See Angkor and Die ...


Cambodia Taphrom

Cambodia is Asia’s fastest growing tourist destination. After about 35 years of non-stop war, this beautiful country is finally re-emerging from the darkness.

Since the time of the Vietnam war in the sixties, Cambodia has had to suffer “secret” carpet bombings by the United States, followed by the reign of terror of the Khmer Rouge, a Vietnamese takeover, and a further 20 years of civil war.

Following U.N. peacekeeping efforts, the somewhat dubious election of Prime Minister Hun Sen and the dismantling of the Khmer Rouge, the country is now enjoying a period of stability and new-found optimism. It’s many wonders are now open to visitors.

Phnom Penh: Asia Meets Europe

The capital city of Phnom Penh (pop. 1 million) is a lively place these days. Cars and motorcycles careen through charming streets lined with many French style buildings dating back to its days as a French colony in the first half of this century. The center of city life is the riverfront boulevard, featuring many bars and restaurants with a big emphasis on French-style food.

One attraction worth visiting (though not for the faint-hearted) is the Killing Field Museum (Tuol Sleng), a former school taken over in 1975 by the Khmer Rouge and converted into a torture chamber. The National Museum is less grisly, with an emphasis on Ancient Khmer history.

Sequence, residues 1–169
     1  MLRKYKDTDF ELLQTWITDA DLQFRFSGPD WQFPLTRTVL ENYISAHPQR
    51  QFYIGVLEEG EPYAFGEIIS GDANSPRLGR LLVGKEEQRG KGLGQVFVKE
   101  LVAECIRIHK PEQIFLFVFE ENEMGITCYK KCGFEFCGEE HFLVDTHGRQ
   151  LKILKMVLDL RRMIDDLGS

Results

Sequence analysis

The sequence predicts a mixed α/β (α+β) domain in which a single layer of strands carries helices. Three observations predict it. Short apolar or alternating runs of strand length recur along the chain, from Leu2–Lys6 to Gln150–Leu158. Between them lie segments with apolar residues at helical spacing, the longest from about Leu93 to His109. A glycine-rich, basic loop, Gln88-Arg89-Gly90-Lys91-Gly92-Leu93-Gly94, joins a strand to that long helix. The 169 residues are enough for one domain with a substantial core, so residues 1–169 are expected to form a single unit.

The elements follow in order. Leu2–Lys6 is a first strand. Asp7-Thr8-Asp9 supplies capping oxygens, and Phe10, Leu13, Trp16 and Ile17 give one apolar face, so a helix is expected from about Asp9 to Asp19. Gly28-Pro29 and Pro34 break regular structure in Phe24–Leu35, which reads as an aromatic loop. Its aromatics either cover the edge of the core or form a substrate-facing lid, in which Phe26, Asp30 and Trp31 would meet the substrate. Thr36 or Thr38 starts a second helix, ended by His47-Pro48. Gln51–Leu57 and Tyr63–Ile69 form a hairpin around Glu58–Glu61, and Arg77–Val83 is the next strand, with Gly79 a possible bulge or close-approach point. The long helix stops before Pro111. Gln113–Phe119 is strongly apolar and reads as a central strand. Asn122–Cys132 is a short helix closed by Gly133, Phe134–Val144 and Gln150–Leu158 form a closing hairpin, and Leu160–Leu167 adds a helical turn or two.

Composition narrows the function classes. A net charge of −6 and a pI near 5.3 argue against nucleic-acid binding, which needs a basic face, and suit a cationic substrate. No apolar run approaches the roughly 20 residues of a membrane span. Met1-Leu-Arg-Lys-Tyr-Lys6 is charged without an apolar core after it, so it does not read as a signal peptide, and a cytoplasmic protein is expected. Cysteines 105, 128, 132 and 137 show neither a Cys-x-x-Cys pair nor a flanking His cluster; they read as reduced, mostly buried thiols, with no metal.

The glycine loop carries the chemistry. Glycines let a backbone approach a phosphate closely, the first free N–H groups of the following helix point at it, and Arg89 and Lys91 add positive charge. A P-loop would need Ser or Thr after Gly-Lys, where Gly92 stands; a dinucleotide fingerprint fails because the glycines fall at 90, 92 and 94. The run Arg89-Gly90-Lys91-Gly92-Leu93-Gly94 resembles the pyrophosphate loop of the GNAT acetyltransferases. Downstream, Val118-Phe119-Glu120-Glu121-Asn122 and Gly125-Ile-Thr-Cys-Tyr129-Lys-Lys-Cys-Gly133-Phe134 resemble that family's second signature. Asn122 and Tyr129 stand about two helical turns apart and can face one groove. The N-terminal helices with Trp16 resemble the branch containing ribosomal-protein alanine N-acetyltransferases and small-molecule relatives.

The Temples of Angkor

Cambodia Taphrom

The biggest attraction for most visitors are the temple ruins at Angkor, just a few kilometers from the colonial city of Siem Reap. Well preserved stone temple ruins dating back about 1,000 years cover an area of 200 sq. kilometers. Visitors can easily spend several days exploring here, taking in the thousands of exquisite statues and bas relief carvings that adorn the walls of seemingly endless temple buildings and chedis. A cruise on the Tonle Sap — Asia’s largest freshwater lake — is also a memorable experience.

A Word of Warning: Though Cambodia is now more peaceful than at any time in the last 30 years, visitors should still exercise caution – particularly in the capital. Confine tourism activities to the daytime, since the dimly-lit streets can be dangerous at night. In the more rural areas, stick to well-established pathways (or better yet, travel with a qualified guide), since there are still countless landmines left over from the war years. Hazards aside though, a little prudence is all that’s required to enjoy a safe and happy holiday in this remarkable country.

Cambodia Travel Destinations

Siem Reap is a small colonial town just north of Southeast Asia’s largest lake, Tonle Sap.

Phnom Penh, founded alongside the Tonle Sap and Bassac rivers, has been the capital of Cambodia since the mid15th century, after Angkor was abandoned.